MightyGanesha.com

TheDivaReview.com

HomeMovie Reviews

TV Addict

DVD Extras

Ill-Literate (Book Reviews)

Listen, Hear (Music)

FilmStarrr (Celebrity Interviews)

Stuf ... (Product Reviews)

...and Nonsense (Site News)

Linkage

Hit me up, yo! (Contact)

 

 

 

 

S’a funny thing about Adam Sandler (- or not), I’ve never been a fan. Never got the appeal. Clearly many did, making his 90’s comedies a profitable franchise. Despite my ambivalence toward the Sandler shtick, I was still intrigued seeing the TV spots for Reign Over Me. I had witnessed Sandler’s previous attempts at being a serious actor and noticed they hadn’t made the same sensation as, say, Happy Gilmore. I thought then that people simply weren’t prepared to see an actor in a serious dramatic role who had made a fortune out of talking like a baby. Nevertheless, seeing Don Cheadle in the ads, made me question my urge to dismiss the movie out of hand. Cheadle is one of my favourite working actors today. Don Cheadle is one of those actors that’s as dependable as the arrival of a city bus 30 seconds after you’ve lit your cigarette. Dependable as a Tokyo bullet train. As dependable as seeing at least 15 Head-On commercials for every break in your favourite TV show. Guy can bring depth and meaning to a reading of a stop sign. I even got over his poxy British accent in Ocean’s 11. If Don Cheadle is mixed up in a project with Adam Sandler, who am I not to give it a chance?  

The result is Reign Over Me; Cheadle plays Alan Johnson, a successful Manhattan dentist going through a touch of middle age crazy, who comes across Sandler’s Charlie Fineman, his college roommate. Charlie’s life has been destroyed by the loss of his wife and children on one of the planes that crashed into the Twin Towers. Charlie’s connection to reality is tenuous and selective. His only coping mechanism is his reversion to a child-like state where he is a perpetual teenager playing videogames endlessly, jamming in punk bands, and tooling around the city on his gas-powered scooter. Charlie, once a successful dentist himself, lives in the beautiful Stuyvesant Square townhouse he shared with his wife and children, now completely barren, but for his huge collection of vinyl LP’s and a kitchen in constant renovation. Any mention of his family or the tragic incident is enough to send Charlie into a violent rage that can only be soothed by the application of his omnipresent headphones blasting the music he grew up with that is now his touchstone, e.g. The Who’s “Love, Reign o’er Me” – geddit?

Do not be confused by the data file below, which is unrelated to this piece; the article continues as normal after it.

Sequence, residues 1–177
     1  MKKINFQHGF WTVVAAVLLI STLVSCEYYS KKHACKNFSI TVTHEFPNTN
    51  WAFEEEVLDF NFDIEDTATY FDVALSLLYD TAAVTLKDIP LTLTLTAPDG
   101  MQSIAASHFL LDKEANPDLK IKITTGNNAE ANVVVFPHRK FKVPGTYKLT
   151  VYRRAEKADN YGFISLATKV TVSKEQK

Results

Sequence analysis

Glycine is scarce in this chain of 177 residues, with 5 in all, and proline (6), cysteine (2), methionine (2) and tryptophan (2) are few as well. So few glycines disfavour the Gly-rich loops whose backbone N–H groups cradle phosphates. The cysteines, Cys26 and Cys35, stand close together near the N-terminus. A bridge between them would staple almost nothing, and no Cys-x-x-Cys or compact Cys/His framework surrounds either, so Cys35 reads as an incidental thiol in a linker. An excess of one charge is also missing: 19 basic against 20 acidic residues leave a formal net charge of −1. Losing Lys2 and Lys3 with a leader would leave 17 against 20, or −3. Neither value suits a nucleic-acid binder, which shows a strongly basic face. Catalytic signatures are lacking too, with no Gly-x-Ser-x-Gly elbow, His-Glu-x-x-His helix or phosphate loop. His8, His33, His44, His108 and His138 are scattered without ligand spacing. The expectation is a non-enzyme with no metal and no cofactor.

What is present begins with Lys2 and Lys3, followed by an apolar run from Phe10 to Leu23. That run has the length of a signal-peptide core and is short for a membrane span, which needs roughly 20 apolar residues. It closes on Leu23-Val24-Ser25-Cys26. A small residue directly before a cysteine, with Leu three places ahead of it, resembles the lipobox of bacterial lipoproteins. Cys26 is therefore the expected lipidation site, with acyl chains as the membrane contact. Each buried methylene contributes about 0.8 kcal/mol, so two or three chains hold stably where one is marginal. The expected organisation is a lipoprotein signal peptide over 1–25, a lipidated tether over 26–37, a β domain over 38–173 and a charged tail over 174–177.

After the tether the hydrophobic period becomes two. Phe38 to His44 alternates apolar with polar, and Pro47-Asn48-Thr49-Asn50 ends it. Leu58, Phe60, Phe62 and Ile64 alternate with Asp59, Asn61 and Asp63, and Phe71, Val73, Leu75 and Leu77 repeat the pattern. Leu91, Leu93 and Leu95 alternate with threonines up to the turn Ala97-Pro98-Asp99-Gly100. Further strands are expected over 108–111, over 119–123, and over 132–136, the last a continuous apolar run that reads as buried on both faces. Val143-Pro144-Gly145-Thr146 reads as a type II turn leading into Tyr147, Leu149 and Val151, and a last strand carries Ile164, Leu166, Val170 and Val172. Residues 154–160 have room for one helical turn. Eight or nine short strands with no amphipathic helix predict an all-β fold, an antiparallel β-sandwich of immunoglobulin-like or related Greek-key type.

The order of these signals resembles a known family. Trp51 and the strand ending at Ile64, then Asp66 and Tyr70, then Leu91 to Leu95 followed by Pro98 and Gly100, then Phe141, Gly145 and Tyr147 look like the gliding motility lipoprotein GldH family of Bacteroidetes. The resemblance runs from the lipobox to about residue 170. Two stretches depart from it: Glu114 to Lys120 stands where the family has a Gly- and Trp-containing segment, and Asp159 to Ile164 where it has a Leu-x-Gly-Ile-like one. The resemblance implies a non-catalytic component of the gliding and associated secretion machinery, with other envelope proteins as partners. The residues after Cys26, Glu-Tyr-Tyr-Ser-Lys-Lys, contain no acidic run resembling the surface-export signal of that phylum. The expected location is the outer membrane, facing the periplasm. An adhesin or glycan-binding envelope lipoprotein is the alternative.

I think many people will come into this movie expecting much tsuris about one person’s very direct suffering due to the attacks on the Twin Towers, and there is that. The credit to the film is that it transcends and overcomes its very difficult co-star and becomes a very touching film about the pain of losing loved ones and holding those who are still here as close as you can. The parallels between Andy’s and Charlie’s lives are clearly set, and Andy’s mid-life crisis envy for Charlie’s freedom is finely brought crashing down to reality when Andy experiences a heartbreaking loss of his own. Charlie’s reaction to that loss is also a heart stopping moment, where Andy finally beings to see how completely detached from reality his old friend really is. Charlie’s not just acting like a happy-go-lucky teenager because he can, this cat is disturbed and in desperate need of help. Add to Charlie’s issues the pressure best-intentioned in-laws who, in their grieving, are unable to understand Charlie’s rejection of them and his repudiation of the memory of their daughter and grandchildren. Even glimpsing a news broadcast referencing the tragedy is enough to set Charlie off into fits of deep depression; mentioning his past, his family, or any attempt to have him seek help sets Charlie into a violent rage that eventually gets the best of him. It’s only Charlie’s trust in Andy allows him to get Charlie into several unsuccessful psychiatric sessions.